They say the world is a book and those who do not travel only read a page. I had a very un-travel-ish childhood. Like every other middle-class Indian family, my parents did not believe in travelling or even holidaying for that matter. The only vacation we used to take as an annual trip was to visit my maternal grandparents who thankfully lived in Dehradun – away from bad and polluted Delhi (my hometown).
I remember once complaining to my mother that I was sick and tired of going to Dehradun and Mussoorie year after year, at which my mother pointed out that my cousins didn’t even get to do that since their grandparents lived in Delhi itself. I was suddenly made aware of the immense luxury I had because of my mother’s hometown and the vast open lush green spaces it offered.
I know there are a lot of clichés about how travelling ‘changes’ your life and how everyone should travel. I understand travel is a privilege and not many can undertake it. This privilege might not always be monetary but also in terms of one’s mental and physical health, supportive family and friends (my parents have made peace with the fact that I travel solo) and ability to access places, among others.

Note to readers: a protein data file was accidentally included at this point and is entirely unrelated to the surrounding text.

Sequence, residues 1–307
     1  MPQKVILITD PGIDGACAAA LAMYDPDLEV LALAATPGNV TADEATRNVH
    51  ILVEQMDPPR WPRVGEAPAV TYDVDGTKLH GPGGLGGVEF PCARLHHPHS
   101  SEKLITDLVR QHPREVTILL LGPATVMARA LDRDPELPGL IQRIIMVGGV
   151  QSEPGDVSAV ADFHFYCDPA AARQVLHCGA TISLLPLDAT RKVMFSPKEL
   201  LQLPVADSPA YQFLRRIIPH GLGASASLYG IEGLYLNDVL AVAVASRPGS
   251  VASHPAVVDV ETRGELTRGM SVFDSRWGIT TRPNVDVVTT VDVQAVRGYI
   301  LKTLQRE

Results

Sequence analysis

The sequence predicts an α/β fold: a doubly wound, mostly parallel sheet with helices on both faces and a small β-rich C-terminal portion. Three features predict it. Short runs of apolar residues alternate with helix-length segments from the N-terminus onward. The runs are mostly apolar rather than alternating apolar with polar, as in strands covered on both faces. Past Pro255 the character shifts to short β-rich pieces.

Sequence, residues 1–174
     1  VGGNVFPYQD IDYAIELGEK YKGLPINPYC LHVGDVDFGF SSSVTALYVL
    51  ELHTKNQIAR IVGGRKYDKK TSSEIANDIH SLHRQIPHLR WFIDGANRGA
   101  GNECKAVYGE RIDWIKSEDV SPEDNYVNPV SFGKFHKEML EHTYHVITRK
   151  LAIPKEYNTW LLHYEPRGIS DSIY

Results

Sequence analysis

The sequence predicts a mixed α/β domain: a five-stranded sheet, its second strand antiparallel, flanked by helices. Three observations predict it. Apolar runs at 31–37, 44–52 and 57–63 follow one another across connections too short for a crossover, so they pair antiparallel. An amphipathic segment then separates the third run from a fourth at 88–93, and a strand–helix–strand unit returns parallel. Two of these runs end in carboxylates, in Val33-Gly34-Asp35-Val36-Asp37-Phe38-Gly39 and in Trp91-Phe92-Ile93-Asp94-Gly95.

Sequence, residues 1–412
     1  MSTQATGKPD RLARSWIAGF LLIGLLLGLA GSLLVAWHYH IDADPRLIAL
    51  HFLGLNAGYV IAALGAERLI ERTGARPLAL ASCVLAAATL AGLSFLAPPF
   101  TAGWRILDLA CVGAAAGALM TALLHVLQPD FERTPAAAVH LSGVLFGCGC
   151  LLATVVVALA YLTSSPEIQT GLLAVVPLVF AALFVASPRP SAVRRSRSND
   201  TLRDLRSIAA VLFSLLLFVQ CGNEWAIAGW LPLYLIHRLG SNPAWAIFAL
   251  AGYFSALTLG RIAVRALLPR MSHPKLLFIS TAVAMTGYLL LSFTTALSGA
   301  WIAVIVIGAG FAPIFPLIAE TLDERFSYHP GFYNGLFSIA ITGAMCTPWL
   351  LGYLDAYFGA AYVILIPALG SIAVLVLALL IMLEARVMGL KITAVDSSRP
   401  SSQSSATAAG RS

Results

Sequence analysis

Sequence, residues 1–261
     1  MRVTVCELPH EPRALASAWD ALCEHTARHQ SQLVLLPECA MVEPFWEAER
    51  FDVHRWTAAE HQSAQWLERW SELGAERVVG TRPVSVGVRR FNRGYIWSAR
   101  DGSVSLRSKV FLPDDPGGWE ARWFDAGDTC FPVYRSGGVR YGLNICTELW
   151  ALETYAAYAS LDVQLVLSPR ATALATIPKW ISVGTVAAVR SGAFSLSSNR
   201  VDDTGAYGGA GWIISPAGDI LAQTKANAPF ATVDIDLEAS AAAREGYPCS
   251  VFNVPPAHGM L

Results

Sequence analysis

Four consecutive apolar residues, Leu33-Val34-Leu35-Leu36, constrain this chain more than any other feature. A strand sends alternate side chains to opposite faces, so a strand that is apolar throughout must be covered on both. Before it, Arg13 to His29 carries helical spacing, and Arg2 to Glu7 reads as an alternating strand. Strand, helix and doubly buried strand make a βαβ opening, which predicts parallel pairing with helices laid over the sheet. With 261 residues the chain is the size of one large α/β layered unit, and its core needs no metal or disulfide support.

After my foreign escapades, I decided to give my country a shot and embarked on my first solo trip in India to Goa. The pristine beaches at Palolem couldn’t have been a better place for starting on a journey which would change my perspective towards travelling and life in general.
I don’t know if travelling has changed my life, but I can definitely say that it has altered my thought process for the better. Especially, solo travelling has given me a lot of courage and determination to do things I had thought I’d be unable to do. In 2015, I went on quite a few solo trips starting with Srinagar, Goa, Kuala Lumpur, Stockholm, and ending the year in Hampi. Early this year, I embarked on a three-week solo trip in the south of India and visited eight cities backpacking my way from one to the other. My experience till now has been more or less positive; people have welcomed me into their homes, fed me, clothed me and treated me as one of their own. I have travelled with locals in local transport while exploring the hill stations outside of Srinagar. I have taken lifts from unknown men and felt completely safe. I have been offered help without asking for it. I have made friends with the old and young and met fellow travellers and many other interesting people on my journey.